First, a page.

before you charge in foreign currency make sure the card you are using does not have an international exchange fee that can 2-4%. Many do these days as they pass the “fee” onto you. Others will eat the fee (I’m sure it’s not really that much) to keep your business with them. A couple of my cards have quietly dropped exempting the foreign exchange fee without letting folks know other than reading really fine print or noticing your exchanges went up in price.

 

jeff

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Yavianice

Ok, so, final update, more updates:

 

I did get the money back now in a separate transaction from Yodobashi. Unfortunately that means that my bank skims a few % off the top. In the end it cost me about 10 euro to get 30 euro back....

 

For this purchase I used my normal creditcard in a pinch. But usually I use my transferwise debit card, which has the lowest amount of transaction fees, no yearly subscription fees (or any other kind of fees), and uses the current exchange rate. I use it for pretty much everything including paypal (which has a terribly poor exchange rate).

 

Regarding what @chadbag said about "convenience exchange rates", I don't fall for that trick anymore after learning about it on my trip to eastern Europe. But so far I have not encountered any japanese vendor or ATM that offered this "option".

 

Those scams are a scourge now in Europe, by the way. Euronet ATM's especially, and they are now everywhere (even in Germany), slowly taking over.

 

 

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chadbag
4 hours ago, Yavianice said:

 

Regarding what @chadbag said about "convenience exchange rates", I don't fall for that trick anymore after learning about it on my trip to eastern Europe. But so far I have not encountered any japanese vendor or ATM that offered this "option".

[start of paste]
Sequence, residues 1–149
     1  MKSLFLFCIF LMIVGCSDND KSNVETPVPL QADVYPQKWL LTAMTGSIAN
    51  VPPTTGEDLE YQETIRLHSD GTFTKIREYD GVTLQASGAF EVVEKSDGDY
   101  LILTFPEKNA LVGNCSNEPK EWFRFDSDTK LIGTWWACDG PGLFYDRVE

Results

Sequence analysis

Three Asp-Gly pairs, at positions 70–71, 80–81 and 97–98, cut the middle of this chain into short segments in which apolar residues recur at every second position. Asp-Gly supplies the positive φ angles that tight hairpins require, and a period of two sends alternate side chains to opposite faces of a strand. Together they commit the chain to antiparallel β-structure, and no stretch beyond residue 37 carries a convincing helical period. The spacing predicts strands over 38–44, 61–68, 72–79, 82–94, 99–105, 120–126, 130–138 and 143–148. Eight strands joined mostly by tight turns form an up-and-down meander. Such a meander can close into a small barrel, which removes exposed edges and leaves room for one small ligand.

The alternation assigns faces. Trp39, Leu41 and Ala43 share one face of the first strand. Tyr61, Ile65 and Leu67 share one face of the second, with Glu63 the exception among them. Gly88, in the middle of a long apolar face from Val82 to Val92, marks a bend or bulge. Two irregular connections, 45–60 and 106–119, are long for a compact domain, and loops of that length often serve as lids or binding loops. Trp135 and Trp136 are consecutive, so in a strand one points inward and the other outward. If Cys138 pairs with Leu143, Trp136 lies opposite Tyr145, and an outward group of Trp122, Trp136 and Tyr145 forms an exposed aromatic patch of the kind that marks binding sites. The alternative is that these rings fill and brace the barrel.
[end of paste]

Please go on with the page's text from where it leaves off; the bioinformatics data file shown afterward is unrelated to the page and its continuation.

Glad you got the money back.  Sorry to hear the problems.

 

I use a couple US credit cards in Japan that have no foreign transaction fees.  Once I used the wrong card and got hit with a few percentage points in fees that really sucked.  You need to really watch that you use a "good" card for foreign travel.  At least for US processors, they tend to use a rate right off the current market rate, which is a good deal.  Other processors elsewhere might not be so advantageous.  And with PayPal, I ALWAYS have them process in the original currency (Yen, Euro, etc) and let my CC do the rate conversion, which always saves me a significant amount.  (And I have tended to use PP for places like Lippe as they usually fail my CC fraud system for some reason when I try and pay them directly but PP is no problem).

 

With the "convenience exchange rate" thing, some small shops in Japan we've run into have had it.  One in particular in Kobe really pissed me off, and they were full of Sumikko Gurashi stuff so my wife and daughter kept going there.  I've not seen in on ATMs in Japan (I always use 7-11 or the post office ATMs,  or Lawson if need be and they always have a very small flat fee).

 

I'll ask the question later, but I have been wondering how best to get Euros / Crowns when I go to France/Germany/Czech Republic later this year.  Last time I was in Germany 20 years ago I used the Citi ATMs at the Citi branches as they were tied into the US payment networks and had no extra fees.  Citi no longer has their consumer banks.

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cteno4

might contact your bank and complain that a voided/refunded transaction should give you charges. I’m sure there reflex “rule” is to skim you but sometimes if you ask nicely but infer you want to keep doing business with them they will remove the charges. I’ve found they usually want to keep your business and wil do something for you.
 

Yes need to keep checking on the cards as they change!